VOGONS


First post, by UltimateElectronic

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I have an Olivetti Pentium 75 machine that I acquired a while back, the computer isn't broken, I was able to get it to POST and boot, but it had a Dallas DS12887a RTC chip on there which had died, unfortunately it was soldered in, but I did manage to remove it and now I have the mainboard with a socket where the chip was, but I'm still waiting to receive the replacement that I've ordered. Decided to turn the computer on with just the socket and no chip, as I concluded that the RTC probably wasn't necessary to get a screen to appear. So, could my conclusion of the board not needing an RTC to get a screen have been wrong, could the board have needed an RTC chip present to POST?

TIA,
UltimateElectronic.

Mainboard/computer specs, in case they're needed for additional diagnostics:

Computer model: Olivetti TINSL/II or PCS P/75 n,
CPU: Intel Pentium 75, socket 5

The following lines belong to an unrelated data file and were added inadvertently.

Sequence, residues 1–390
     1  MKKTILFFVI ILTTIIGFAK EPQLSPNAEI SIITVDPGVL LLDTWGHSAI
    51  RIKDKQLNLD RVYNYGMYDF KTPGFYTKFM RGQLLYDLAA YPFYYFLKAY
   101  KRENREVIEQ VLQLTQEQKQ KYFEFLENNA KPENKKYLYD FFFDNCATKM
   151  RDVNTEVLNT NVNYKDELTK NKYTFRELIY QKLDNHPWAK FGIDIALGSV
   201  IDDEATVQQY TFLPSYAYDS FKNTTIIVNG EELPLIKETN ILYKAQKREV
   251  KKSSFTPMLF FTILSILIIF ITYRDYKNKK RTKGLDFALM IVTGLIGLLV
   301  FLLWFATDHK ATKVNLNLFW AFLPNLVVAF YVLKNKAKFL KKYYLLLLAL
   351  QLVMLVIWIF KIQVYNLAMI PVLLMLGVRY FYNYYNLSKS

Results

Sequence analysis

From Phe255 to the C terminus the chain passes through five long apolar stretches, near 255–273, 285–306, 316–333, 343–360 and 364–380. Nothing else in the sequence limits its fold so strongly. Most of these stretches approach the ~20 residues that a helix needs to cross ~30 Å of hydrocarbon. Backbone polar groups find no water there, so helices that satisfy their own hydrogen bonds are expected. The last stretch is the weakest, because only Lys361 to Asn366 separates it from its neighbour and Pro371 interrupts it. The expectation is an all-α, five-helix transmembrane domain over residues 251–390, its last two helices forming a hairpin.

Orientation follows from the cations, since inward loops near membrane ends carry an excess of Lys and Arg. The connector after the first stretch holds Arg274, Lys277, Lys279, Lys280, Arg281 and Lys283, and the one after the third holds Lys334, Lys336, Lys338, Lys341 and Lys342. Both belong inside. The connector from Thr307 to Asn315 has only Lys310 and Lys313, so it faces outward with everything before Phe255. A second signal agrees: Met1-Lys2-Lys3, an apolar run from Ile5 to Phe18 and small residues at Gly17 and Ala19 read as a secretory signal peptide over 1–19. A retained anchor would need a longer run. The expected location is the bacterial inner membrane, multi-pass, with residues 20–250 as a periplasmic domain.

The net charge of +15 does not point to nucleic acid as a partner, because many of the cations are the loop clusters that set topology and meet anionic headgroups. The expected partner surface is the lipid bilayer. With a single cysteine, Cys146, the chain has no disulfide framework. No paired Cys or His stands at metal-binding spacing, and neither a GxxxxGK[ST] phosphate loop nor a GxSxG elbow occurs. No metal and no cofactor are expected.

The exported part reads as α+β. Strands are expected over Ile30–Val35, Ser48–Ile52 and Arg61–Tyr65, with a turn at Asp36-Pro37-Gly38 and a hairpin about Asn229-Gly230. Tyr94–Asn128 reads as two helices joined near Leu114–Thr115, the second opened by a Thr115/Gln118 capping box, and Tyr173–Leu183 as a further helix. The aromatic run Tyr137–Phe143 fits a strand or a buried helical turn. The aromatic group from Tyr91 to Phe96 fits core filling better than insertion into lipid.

BIOS: AMIBIOS: 10/10/1994, Resident Diagnostics Ver, 1.12, BIOS ID 51-3103-000981-00111111-101094-SIS550X-Z
Chipset: SiS 5501, SiS 5502, SiS 85c503
Graphics card (integrated) : Trident TGUI9680

Reply 2 of 23, by PTherapist

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The only motherboard I have with a Dallas chip is also a Socket 5 with similar SIS chipset to yours, which also came with a Pentium 75.

With a dead Dallas, it would POST but not boot anything.

When I removed the dead Dallas chip (which was luckily socketed) and turned it on, it wouldn't POST but did display a picture showing a reboot loop as the BIOS initialized. So I'd hazard a guess that yes indeed, your board absolutely requires the Dallas chip to function.

Reply 3 of 23, by Daniël Oosterhuis

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I don't think most Dallas-equipped boards would be able to POST without one installed. It does more than just keep time, as it has NVRAM to store BIOS configuration properties. The board will likely try to access these at POST, then fail the POST as it never is able to access it. It's also why a lot of boards don't like empty modules, the lack of any BIOS config data in the NVRAM causes some to just not POST at all, rather than just boot with defaults selected.

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Reply 4 of 23, by dionb

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Agreed. Whether a board with Dallas RTC will boot or not with an RTC with dead battery varies (usually they do, but enough well-known exceptions), but with no RTC module at all, they generally will not.